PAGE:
Population Statistic: Read. React. Repeat.
Sunday, September 25, 2021

qualifyingGotta throw some shine on my paycheck source, Florida Trend, this month, because of Mike Vogel’s cover story on International Speedway Corp.’s push to take NASCAR into Seattle and New York City — the final frontiers for stock car racing.

How bad does ISC want a track built on Staten Island? In exchange for entry into the number one media market — and the sponsorship gravy that flows from that — it’s willing to turn the big-league sports stadium game upside-down by paying its own way, and then some:

If the company can get into New York, says [William Blair & Co. analyst Bob] Simonson, “there will be a halo effect that will be phenomenal.” An example: Sponsors entertaining customers and clients at a Cup race in the rural South might well have to lodge their guests in a moderate hotel chain a long bus ride from the race. In New York, the sponsors could lock up rooms at the Waldorf, host a dinner at a fine restaurant and treat their guests to the race and other New York amenities. NASCAR and International Speedway also hope New York will bring new business sectors, such as financial services, into the sponsorship fold.

One measure of the company’s hunger for New York is that it isn’t asking for special government financing, just approval. The potential payoff to the sport and the $100-million land cost have made winning over [New York City Councilman James] Oddo and his constituents imperative. Aside from lobbyists and other experts, [ISC president Lesa] France Kennedy has hired Gameday Management Group, an Orlando company that engineers moving people in and out of events like the Olympics, to devise a way to get most of the fans to Staten Island without their cars. The plan depends on requiring 80% of spectators, when purchasing tickets, to commit to coming to the race by bus or ferry.

Not that the oft-suffering borough is playing along — yet:

“Deeply flawed,” Oddo says of the traffic plan. “The world hasn’t seen that many people moved by small boats since Dunkirk.” He says two other council members representing Staten Island are just as skeptical, and he can’t envision the project being approved over the objections of the local representatives. Says Oddo: “If this is the final plan, it’s dead on arrival.”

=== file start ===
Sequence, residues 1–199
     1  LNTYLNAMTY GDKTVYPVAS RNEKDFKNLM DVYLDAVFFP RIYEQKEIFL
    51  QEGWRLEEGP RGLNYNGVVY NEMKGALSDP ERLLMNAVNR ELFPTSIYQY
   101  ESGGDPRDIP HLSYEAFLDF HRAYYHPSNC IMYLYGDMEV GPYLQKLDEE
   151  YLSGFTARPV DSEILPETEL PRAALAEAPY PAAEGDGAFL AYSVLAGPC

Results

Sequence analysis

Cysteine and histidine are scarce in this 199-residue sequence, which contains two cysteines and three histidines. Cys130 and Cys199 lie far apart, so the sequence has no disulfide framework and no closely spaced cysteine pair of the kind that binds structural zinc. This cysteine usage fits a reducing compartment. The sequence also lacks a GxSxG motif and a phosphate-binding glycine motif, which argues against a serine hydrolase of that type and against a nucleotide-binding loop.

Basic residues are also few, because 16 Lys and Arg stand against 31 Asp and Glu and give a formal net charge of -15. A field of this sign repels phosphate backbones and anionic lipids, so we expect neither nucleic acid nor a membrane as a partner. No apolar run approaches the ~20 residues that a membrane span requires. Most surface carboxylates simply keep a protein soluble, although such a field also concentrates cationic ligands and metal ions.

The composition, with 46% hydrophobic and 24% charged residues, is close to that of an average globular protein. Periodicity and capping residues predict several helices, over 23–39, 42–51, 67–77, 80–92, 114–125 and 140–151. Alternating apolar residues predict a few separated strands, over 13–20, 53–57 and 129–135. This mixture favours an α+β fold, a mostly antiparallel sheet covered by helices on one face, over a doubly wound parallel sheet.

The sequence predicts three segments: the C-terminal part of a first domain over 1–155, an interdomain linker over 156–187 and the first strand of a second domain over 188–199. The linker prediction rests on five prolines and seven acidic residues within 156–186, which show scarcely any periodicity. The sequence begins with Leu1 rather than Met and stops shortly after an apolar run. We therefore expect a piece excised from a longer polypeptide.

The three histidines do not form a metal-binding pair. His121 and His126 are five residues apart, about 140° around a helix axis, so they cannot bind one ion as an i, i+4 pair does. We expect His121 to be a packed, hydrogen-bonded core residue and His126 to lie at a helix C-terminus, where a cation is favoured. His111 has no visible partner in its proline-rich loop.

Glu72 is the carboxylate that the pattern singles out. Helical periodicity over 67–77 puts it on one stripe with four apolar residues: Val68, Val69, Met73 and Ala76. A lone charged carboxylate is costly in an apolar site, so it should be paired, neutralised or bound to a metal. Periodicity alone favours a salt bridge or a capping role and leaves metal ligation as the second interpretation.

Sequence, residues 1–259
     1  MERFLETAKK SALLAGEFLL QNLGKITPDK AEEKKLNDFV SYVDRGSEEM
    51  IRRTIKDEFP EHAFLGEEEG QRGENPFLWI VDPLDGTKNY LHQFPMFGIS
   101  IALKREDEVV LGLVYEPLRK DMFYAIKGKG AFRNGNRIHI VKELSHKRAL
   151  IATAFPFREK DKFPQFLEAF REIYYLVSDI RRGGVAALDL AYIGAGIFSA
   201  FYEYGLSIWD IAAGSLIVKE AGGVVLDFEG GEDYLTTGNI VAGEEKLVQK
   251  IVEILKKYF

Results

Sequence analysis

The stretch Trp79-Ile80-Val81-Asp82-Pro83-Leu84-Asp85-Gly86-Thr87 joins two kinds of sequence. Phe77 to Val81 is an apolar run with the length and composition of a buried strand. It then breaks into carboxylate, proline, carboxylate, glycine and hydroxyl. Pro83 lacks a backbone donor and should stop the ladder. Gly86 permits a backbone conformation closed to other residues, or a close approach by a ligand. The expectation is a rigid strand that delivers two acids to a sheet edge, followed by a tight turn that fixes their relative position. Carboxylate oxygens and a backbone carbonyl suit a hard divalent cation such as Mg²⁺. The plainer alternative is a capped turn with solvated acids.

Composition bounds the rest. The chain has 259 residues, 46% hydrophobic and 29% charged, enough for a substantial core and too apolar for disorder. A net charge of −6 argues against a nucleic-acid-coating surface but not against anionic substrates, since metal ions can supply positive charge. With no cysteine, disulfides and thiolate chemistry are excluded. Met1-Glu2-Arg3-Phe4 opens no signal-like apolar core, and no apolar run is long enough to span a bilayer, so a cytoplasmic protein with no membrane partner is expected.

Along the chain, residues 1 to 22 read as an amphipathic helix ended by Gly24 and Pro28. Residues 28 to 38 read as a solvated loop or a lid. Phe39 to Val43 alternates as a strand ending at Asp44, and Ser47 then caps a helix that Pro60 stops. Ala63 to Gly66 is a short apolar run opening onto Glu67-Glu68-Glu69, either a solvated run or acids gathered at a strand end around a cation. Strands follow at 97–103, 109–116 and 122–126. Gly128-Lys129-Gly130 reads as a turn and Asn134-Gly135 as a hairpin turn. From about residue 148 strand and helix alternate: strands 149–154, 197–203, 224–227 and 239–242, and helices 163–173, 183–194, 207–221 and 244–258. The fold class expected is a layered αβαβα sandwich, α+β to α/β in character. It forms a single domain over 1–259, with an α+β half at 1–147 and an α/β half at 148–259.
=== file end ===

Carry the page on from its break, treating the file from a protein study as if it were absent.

Regardless, France Kennedy is optimistic that gearheads will be New York stylin’ by 2010.

Of course, just getting a track built among the bright lights of the big city won’t guarantee market acceptance. Remember the lack of sufficient Windy City buzz for this year’s Chicagoland race, which NASCAR brass took as a shortcoming in getting ingrained into the national sports scene. But it’s better to have a place at the table and therefore a chance, rather than being absent.

There’s lots of supplemental information in the article, including ISC’s revenue breakdown comparison between 2000 and 2004 (TV revenues doubled in that time, from $164.3 million to $334.9 million) and how the broadcast money gets divvied up between ISC, NASCAR, non-ISC tracks and the race teams/drivers.

by Costa Tsiokos, Sun 09/25/2005 10:07pm
Category: Other Sports, SportsBiz
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Last week, the New York Times unveiled Times Select, a pay-for service where much of the paper’s unique content — mainly staff columnists — will now reside.

As happens whenever formerly free (“free” in a sense — see below) online stuff converts to paid, there’s been a lot of bitching. Eric at Off Wing brings up some good points against the move, including a comparison with another national newspaper’s recent Web moves:

In marked contrast, check out what the Washington Post is doing. Working with Technorati, they’re providing a list of blog trackbacks for many of their bylined stories. It’s a very blogger-friendly move, and one the Post ought to be congratulated on.

Indeed, I lauded the Post’s move, and noted that it’ll encourage me to point to their stories more often.

Of course, it’s important to note that neither the Times nor the Post offer completely unfettered access to their sites. Both require free registration — free as in money, if not in the personal information you have to give up (assuming you don’t cheat with fake info, or use BugMeNot). And linkrot sets in when stories convert into archives after a couple of weeks, although again, there are ways around that too. But overall, it’s been a reasonably friendly system for reader and blogger.

As another alternative to the rollout of Times Select, he also points to the Wall Street Journal’s model, which started out with 100 percent paid-subscription-only access but now teases effectively with free stuff:

But because they started out tight, the Journal can now afford to loosen things up, so when they do provide free content, folks are likely to praise them instead of knocking them for keeping the vast majority of their content behind a subscriber wall. And once exposed to this free content, a reader is more likely to become a paying subscriber.